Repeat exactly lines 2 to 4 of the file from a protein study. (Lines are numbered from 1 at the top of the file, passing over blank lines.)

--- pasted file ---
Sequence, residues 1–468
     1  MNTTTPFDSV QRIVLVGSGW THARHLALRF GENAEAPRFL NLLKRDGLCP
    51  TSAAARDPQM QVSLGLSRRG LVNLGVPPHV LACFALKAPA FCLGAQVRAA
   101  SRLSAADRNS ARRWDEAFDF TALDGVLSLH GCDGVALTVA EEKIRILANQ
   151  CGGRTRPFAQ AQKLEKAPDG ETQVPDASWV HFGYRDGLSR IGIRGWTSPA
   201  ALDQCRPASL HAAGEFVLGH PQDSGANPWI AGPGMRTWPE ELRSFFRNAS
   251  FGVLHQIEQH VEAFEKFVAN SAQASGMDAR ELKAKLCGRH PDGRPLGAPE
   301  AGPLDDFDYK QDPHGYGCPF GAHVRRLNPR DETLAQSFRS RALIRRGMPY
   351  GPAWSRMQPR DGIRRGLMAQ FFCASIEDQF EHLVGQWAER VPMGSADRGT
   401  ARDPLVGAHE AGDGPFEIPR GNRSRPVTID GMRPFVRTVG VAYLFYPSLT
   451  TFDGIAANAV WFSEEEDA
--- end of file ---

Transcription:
     1  MNTTTPFDSV QRIVLVGSGW THARHLALRF GENAEAPRFL NLLKRDGLCP
    51  TSAAARDPQM QVSLGLSRRG LVNLGVPPHV LACFALKAPA FCLGAQVRAA
   101  SRLSAADRNS ARRWDEAFDF TALDGVLSLH GCDGVALTVA EEKIRILANQ